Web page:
by Rosemarie Pace
Pax Christi New York
Ed. Note: At key moments throughout the liturgical year, long-time regional coordinator Rosemarie Pace will offer reflections timed to the season with accompanying prayers and suggested actions.
Coming. Waiting with Patience in Hope. Staying Awake. Preparation. Darkness into Light. Gift. Arrival. All these words are words of Advent. Amazing! Overwhelming! What a rich season! Yet how many truly celebrate it? And if you do, is it not a struggle against the tide of the rush to Christmas? Correction: Make that a tsunami! So how can we reclaim Advent, make it its own beautiful, meaningful, sacred season?
Let’s take each one of those words and phrases and think about them.
Coming: Who’s coming? We know Jesus is coming again in the cycle of birthdays. Certainly his birthday warrants a particularly grand celebration, but do we ever stop to ask what he wants for his birthday? Probably not cake and balloons, the latest technology, or even a gift card to pick his own presents. More likely, he’d appreciate our love—for him, for each other, for the neediest among us, even for our enemies. If we gave that to Jesus, we’d likely experience other comings, for example the coming of a kinder, more unified, more just, and more peaceful world.
Waiting with Patience in Hope: We know how hard this can be, but Advent calls us to step back and let things happen in their own time, to avoid the rush, to let God be God, to trust that all will be well because God is in it all.
Staying Awake: Of course, we need to remain alert so we don’t miss God’s presence in the people, events, and creation around us. God does come, and we don’t want to miss it, for God does have a way of appearing in some unlikely places and beings—on city streets, on country roads, in shopping malls, and parking lots, and who knows where else.
Preparation: Advent is a time to prepare, but not so much with cooking and baking, buying and wrapping, writing cards and decorating. Rather during Advent, we are to prepare ourselves for Jesus’s rebirth in us, which may mean cleaning out some of the cobwebs in our lives, for example reconciling with an estranged family member, devoting some (extra) time to prayer, or working to break a bad habit whether of thought, word, or deed.
Darkness into Light: In nature in the Northern Hemisphere, Advent occurs as we approach the shortest, darkest day of the year and then starts the process of lengthening days with increased light. Advent also brings us from the darkness of a world without Jesus to his birth. The Light of the World transforms the darkness of our longing into the light of his coming.
Gift: Jesus’s coming as Light of the World is the greatest gift for which we could hope. But, of course, there are other gifts in Advent. There’s the gift of Advent, itself, a time to open ourselves to the anticipation, the promise, and the expectation. Again, let’s remember not to rush it, but to use it to grow spiritually, readying ourselves for the grand Arrival.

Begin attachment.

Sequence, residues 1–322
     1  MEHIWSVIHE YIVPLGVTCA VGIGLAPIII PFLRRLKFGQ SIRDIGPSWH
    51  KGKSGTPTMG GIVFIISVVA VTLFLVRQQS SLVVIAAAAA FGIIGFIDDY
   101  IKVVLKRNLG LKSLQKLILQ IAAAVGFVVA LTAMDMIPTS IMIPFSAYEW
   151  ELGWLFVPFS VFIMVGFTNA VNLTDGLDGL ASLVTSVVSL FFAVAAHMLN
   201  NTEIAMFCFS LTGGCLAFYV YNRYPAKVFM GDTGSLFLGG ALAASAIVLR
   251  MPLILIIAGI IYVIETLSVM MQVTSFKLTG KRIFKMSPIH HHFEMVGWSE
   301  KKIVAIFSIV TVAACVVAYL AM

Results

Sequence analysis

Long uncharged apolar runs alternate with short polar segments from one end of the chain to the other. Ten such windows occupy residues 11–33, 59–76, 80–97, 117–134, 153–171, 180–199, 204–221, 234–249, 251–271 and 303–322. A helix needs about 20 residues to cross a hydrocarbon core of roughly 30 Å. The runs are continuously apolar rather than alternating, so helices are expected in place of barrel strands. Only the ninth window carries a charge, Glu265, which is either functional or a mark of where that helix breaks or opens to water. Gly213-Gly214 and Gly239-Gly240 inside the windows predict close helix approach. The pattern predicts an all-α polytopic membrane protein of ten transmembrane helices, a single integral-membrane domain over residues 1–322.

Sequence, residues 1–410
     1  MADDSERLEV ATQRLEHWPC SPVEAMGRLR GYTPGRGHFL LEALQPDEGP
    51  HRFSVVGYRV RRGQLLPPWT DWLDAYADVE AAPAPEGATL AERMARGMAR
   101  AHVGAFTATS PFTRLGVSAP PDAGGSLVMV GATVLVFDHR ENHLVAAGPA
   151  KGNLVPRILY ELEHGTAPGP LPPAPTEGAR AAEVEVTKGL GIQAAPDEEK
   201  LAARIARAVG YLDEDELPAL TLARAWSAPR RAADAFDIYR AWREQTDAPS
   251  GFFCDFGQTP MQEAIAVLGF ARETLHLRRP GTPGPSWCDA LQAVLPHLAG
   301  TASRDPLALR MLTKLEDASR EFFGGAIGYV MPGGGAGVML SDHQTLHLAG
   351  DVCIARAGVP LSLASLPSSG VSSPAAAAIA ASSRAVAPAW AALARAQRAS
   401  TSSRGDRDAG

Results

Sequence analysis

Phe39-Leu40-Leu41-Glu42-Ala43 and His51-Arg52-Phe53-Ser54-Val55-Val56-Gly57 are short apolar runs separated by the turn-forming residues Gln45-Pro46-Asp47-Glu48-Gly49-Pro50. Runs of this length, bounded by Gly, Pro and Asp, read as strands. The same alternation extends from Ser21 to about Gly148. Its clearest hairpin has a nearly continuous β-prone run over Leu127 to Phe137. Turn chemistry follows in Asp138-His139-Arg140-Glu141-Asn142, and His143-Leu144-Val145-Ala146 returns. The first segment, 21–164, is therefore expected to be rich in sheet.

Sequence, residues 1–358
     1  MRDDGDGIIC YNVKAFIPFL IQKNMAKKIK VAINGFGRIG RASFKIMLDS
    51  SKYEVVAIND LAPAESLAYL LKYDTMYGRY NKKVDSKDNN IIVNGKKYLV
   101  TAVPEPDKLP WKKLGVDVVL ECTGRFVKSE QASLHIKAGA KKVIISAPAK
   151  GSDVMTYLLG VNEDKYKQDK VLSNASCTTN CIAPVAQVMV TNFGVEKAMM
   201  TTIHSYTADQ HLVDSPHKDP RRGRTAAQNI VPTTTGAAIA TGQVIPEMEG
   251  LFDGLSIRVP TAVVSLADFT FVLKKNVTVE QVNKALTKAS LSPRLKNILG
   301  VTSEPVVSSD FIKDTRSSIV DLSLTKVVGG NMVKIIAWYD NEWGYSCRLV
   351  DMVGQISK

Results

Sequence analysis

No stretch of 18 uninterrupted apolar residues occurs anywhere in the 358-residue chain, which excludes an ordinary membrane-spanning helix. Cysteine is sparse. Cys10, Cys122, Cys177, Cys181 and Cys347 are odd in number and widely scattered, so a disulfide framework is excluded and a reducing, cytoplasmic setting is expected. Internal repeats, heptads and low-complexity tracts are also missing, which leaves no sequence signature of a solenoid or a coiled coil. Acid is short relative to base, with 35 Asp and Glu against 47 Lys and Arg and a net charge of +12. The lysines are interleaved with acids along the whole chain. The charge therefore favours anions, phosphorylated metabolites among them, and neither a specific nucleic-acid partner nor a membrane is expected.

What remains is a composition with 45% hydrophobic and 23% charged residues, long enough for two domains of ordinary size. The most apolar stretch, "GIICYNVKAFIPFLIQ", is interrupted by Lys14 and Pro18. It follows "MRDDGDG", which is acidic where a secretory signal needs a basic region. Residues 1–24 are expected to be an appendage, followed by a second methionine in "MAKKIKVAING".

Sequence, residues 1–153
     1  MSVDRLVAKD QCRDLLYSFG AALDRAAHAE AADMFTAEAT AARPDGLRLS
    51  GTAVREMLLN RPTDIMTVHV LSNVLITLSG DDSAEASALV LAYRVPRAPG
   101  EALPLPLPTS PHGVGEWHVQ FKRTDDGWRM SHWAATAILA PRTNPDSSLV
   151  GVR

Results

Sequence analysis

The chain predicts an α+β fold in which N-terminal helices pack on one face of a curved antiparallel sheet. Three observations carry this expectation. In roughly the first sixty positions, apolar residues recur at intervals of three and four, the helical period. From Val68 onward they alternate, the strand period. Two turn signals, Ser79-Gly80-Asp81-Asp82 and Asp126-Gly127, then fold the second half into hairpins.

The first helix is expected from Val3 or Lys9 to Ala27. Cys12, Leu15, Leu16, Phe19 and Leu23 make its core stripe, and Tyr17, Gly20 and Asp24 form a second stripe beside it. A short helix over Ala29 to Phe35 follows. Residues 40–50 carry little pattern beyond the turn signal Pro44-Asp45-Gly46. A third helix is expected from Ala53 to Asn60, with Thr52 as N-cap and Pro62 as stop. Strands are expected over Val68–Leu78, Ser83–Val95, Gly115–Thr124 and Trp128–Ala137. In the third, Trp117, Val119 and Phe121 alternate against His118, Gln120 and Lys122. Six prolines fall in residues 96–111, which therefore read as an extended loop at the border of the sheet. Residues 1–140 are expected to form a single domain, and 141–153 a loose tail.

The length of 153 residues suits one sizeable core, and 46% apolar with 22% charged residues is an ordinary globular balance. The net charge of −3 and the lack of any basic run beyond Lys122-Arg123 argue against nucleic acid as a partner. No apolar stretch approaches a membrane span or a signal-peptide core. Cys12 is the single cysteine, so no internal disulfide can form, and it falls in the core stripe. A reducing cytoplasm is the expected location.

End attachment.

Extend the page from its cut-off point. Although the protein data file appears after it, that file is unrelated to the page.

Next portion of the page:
Arrival: One meaning of Advent is arrival, which suggests that while Advent points to Jesus’s arrival, it also is its own arrival. How can that be? Well, Advent is the arrival of the liturgical New Year, not Christmas, but Advent. During Advent, we arrive at a new cycle of living and loving and serving.
May this Advent be as wonderful as all these descriptors depict for you and all your faith community!
Prayer – “Psalm of an Advent Ear” by Edward Hays in Prayers of a Planetary Pilgrim
With prayerful plea and Advent songs of longing, I await the birth of God’s Anointed One.
Come, O Gift of heaven’s harmony and attune my third ear, the ear of my heart,
so that I may hear, just as Mary, faithful woman of Israel, heard.
O God, the time is short, these days too few as I prepare for the feast of the birth of Mary’s son.
Busy days, crowded to the brim, with long lists of gifts to buy and things that must be done.
Show to me, also your highly favored child, how to guard my heart from noise and hurry’s whirl,
so that I might hear your voice calling my heart to create an empty space
that might be pregnant with heaven’s fire.
Quiet me within, clothe my body in peacefulness, that your Word once again may take flesh
—this time, within me—as once it did in holy Mary, long Advent days ago.
Be sure to set aside time throughout Advent to wallow in the treasure that it is, time to pray, time to reflect, time to read inspirational stories. There are numerous Advent reflection opportunities on-line and in hard copy publications, including Pax Christi USA’s Live Always in Joyful Anticipation: Reflections for Advent & Christmas 2022.
Attend a Lessons and Carols event in your local parish or neighborhood.
Invite or visit someone who’s in need of some Advent hope. Share the spirit with him or her.
Read and share the flier linked here that offers positive, nonviolent suggestions for holiday gift-giving to children.
Review this reflection and prayer for several more ideas of what you can do to make this Advent special.